And it is that. For all its stoner rocking charm, Asteroid‘s debut has a psychedelic flow underlying that would come more to the fore in 2010 with the delightfully jammy II(review here), but can be heard in the funky groove in the verse of “Panoramic Telescope,” and elsewhere of course. One of the album’s chief strengths, however, is its sense of flow, how easy the material leads you along the full-length course, how smooth Asteroid sound. Impressive for a band of any experience, let alone for a debut. On summer nights, I’ve sat and looked at the stars with this album, and I’ve used it like a blanket in winter. There’s no time that “The 13th Witching Hour” doesn’t feel just right.
Asteroid released a 7″ late in 2012 (review here), and word got around last year they had signed to Small Stone, but nothing has surfaced as yet. I consider myself lucky to have heard them jam out some of this material at Desertfest London in 2012, and though Fuzzorama,who initially released both albums, just put out a new pressing of the second one, hopefully it’s not too long before Asteroid‘s jammy take gets another studio installment. Got my fingers crossed.
Also my eyes are crossed, but that’s just from being tired. I doubt it’s been a major consideration in your life either way, but if you were wondering at all where I’ve been the last two days, I’ve been getting ready to move. Yesterday, The Patient Mrs. and I closed on a condo in East Bridgewater — 16 minutes away as I timed the trip last night. We went there yesterday to start taking some stuff over and to clean. We’ve been packing for the better part of the last 10 days. Today was cleaning all day, from morning to night, and getting the internet set up. We’re back at the other place now, in Abington, and I’m pirating signal off one of the neighbors. Thanks and sorry to whoever it is.
The closing was originally supposed to be today. It’s good we bumped it up a day, with so much cleaning to do. People never vacuum. Fucking cruelty. It was hot over there and sleeping on an aerobed with two people sucks, and we still had more stuff to pack, so we came back here. Movers come in the morning. The Patient Mrs. leaves for Greece for a month tomorrow night at 10:45. Get ready for some classic “I miss my wife”-type shit, as I expect I’ll be there by the end of next week. No central air and no Patient Mrs. is gonna be a rough July, I expect.
But at least while I’m sitting in the new place all next week (and presumably the subsequent three weeks), unpacking, etc., at least I’ll have plenty of time to write, which I didn’t this week. Monday, look out for that Wo Fat instrumental stream. Was supposed to go up today, but there were 10 hours of vacuuming and dusting to do, so there you go. I’d also like to do a batch of radio adds, and I should be able to transcribe that Lowrider interview as well, so keep an eye out for that. It was a doozy.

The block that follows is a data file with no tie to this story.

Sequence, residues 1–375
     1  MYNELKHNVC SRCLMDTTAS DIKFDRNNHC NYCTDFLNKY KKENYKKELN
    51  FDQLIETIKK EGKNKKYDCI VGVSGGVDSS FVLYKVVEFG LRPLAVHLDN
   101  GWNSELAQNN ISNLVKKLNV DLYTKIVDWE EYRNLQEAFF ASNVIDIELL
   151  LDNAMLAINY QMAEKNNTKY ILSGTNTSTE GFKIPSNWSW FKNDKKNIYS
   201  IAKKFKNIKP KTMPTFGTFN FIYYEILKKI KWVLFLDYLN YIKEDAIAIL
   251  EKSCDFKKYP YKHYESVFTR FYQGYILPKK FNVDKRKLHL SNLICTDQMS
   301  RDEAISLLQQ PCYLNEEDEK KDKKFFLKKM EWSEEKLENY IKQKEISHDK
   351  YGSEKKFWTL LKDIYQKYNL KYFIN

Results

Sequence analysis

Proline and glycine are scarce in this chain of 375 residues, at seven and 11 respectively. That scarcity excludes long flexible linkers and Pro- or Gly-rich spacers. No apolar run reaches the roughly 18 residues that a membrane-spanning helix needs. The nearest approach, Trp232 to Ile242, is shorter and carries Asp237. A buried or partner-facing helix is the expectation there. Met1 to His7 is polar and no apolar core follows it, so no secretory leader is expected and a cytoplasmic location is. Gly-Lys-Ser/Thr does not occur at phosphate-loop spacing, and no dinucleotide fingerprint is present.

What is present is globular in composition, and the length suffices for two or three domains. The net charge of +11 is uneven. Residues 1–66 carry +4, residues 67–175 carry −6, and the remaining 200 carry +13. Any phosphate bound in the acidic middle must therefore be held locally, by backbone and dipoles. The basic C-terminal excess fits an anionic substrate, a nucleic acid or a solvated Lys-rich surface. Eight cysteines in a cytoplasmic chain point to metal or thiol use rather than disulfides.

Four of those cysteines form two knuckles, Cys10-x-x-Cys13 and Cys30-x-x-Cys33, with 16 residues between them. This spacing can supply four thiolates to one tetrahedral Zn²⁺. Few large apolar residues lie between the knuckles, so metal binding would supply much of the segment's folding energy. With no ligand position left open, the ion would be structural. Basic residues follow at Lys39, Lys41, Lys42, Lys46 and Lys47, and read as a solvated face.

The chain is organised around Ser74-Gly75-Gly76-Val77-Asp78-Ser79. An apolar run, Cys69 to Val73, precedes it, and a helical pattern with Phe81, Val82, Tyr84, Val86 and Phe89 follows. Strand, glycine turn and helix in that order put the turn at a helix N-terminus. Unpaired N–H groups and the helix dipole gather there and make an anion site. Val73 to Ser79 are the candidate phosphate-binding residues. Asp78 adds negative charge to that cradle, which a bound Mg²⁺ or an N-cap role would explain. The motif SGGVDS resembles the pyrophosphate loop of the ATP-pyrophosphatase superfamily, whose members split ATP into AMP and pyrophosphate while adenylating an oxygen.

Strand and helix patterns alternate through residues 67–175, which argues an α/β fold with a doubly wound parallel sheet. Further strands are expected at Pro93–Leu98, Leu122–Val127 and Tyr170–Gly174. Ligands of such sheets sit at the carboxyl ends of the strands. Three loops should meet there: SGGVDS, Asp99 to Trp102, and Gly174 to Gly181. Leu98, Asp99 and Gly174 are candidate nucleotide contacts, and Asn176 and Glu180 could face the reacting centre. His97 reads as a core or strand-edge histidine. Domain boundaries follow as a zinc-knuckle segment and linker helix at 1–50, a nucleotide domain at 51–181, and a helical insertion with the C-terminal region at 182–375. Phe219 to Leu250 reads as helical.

So, moving tomorrow, more cleaning, saying goodbye to The Patient Mrs. for a month, etc., but hopefully things will be workable by Monday. Whatever you’re up to this weekend, I hope it’s a great time. It’s hot out there. Don’t forget to hydrate.
Posted in Reviews on January 3rd, 2014 by H.P. Taskmaster
When Swedish three-piece Truckfighters debuted in 2005 with Gravity X, it was clear they had a firm grip on the traditions of fuzz rock. That album bristled with desert and stoner influence; Kyuss, Fu Manchu, flourishes of countrymen acts like Dozer. There were flashes of brilliance in cuts like “Desert Cruiser” — which still opens all their shows with its clarion riff — and “Manhattan Project,” “In Search of (The)” and elsewhere.On 2007’s Phi, lineup changes brought a second guitar and though the output was quality, the dynamic didn’t work quite as well as the debut. Phi and subsequent touring led them to 2009’s Mania (review here), which seemed like the capstone on the decade of quality semi-revivalist fuzz. Progressive in songs like “The New High,” “Majestic” and “Con of Man,” the trio of vocalist/bassist Oskar “Ozo” Cedermalm, guitarist Niklas “Dango” Källgren and drummer Oscar “Pezo” Johansson proved there was more to their sound than riff worship and that they indeed had something to offer that even their Californian influences couldn’t at that point match: A future. It’s been four years since Mania— twice as long as all the other breaks between albums — and after years of road time across Europe and the US and losing Johansson to Witchcraft only to replace him with Andre “Poncho” Kvarnström, the trio from Örebro make a return with the long-awaited Universeon their own Fuzzorama Records. Self-sustaining between the label and recording in their own Studio Bombshelter, Truckfighters are a more mature band than they were four years ago, but they keep both the roots in fuzz from their earliest work and the progressive mindset of Maniaintact on the 44-minute/seven-track Universe, resulting in a vinyl-minded flow that in longer cuts like “The Chairman” (7:54), “Get Lifted” (7:55) and closer “Mastodont” (13:54) pushes the boundaries of what Truckfighters have done before and blends that with catchy hooks and strong riffing on the shorter opener “Mind Control” (3:57), on “Prophet” (4:47) and the penultimate “Dream Sale” (4:30).